Polluted water contaminates local farmland

Contaminated River Threatens Farmers’ Livelihoods

The farmers of Karauli district, Rajasthan are distressed. The once clean water of the Bhadravati river which cuts through the district is now foaming with strange and unidentified effluents. The river banks are lined with sewage and chemical flotsam. As the river is the only source of water in the neighboring rural areas the farmers are forced to use it for their fields.The polluted water has made the fields less fertile and has greatly diminished the yields.

IndiaUnheard Community Correspondent and Karauli resident Sunita Kasera is concerned: “Karauli is the biggest city in the district. It is growing fast without the neccessary infrastructure to manage the growing need for sanitation and waste disposal. There is no sewage plant in the whole area and the dirt just gets dumped directly into the river water.”

The farmer she interviewed while making a video on the polluted river told Sunita that because of the dirty water their land now yields just 1 tonne of crop instead of the usual 4 tonnes. The contaminated water has deteriorated the fertile soil and affected the growth of the plants. The farmers report that the vegetables have become suseptible to disease. If they do not get infected with worms, they ripe too fast and rot away even quicker. The farmers fear for their livelihoods, health and income security.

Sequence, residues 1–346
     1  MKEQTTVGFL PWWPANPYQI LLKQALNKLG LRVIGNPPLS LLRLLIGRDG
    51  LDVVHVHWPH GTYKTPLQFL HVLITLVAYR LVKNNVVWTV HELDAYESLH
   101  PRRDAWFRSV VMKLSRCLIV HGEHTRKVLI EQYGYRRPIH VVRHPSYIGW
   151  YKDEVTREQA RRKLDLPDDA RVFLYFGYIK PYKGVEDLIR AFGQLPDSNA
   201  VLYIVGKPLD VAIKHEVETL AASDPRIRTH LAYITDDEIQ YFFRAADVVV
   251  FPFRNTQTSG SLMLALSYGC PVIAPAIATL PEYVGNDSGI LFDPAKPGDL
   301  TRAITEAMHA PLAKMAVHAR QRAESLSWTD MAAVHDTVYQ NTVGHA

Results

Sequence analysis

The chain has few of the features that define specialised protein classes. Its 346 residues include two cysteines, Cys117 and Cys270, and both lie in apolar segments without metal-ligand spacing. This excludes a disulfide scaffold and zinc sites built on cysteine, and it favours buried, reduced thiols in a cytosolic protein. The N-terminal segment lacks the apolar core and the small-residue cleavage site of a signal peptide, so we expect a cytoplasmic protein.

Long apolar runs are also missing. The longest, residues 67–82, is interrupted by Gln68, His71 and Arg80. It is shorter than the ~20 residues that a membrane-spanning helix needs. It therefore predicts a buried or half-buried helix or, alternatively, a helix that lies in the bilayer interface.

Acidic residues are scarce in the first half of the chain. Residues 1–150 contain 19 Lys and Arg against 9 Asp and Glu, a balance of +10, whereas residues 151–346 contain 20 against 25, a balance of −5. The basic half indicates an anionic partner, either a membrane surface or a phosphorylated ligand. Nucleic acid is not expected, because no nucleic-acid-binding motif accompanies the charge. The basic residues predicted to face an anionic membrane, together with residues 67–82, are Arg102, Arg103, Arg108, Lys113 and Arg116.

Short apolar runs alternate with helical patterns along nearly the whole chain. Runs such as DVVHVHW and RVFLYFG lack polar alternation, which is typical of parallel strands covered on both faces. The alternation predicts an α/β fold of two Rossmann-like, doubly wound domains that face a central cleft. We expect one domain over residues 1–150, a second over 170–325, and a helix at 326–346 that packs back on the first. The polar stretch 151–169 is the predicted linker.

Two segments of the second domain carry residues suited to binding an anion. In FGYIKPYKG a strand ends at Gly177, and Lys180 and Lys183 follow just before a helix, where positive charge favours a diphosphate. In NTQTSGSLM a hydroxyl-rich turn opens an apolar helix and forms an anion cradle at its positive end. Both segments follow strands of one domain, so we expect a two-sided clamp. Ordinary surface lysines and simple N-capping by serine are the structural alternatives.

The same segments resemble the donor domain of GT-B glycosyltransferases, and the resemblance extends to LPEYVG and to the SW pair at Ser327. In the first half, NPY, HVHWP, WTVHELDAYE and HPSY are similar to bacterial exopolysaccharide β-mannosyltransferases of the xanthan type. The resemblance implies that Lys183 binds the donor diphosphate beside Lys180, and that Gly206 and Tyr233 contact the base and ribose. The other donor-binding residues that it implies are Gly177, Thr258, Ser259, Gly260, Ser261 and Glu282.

The effects of water pollution on cultivable land and its negative effects especially on local farmers are a known fact in India. All major rivers throughout the country are highly polluted. A majority of the pollution has its source in domestic households.In India, untreated sewage is a prime reason behind major environmental hazards and contagions.

If it has to avoid a terrible fate, Karauli city desperately needs a proper sewage plant as soon as possible. Sunita Kasera feels strongly that the government needs to take on this issue fast to avoid any further damage to the rural population and the environment: “Our district has a wondeful rich landscape, which might be gone soon if we to not take measures today. I think, protecting the land and rivers can only be in the interest of all people to keep everyone in good health and protect our argriculture.”

World Youth Skill Day: “Sustain Ancestral Skill or Earn Livelihood?” Question Next Gen Banaras Weavers

 
/ July 15, 2019

On World Youth Skill Day, young weavers from Banaras talk about their dilemma between sustaining their ancestral skill of weaving or earning a better livelihood with a different skill. 

No Cards

Living Cultures: The ‘Zagor’ of Goa

 
/ July 9, 2019

In tradition to appease their gods, the indigenous Gowda tribe in Goa celebrates a colorful festival called Zagor.

Leave a reply

Your email address will not be published. Required fields are marked *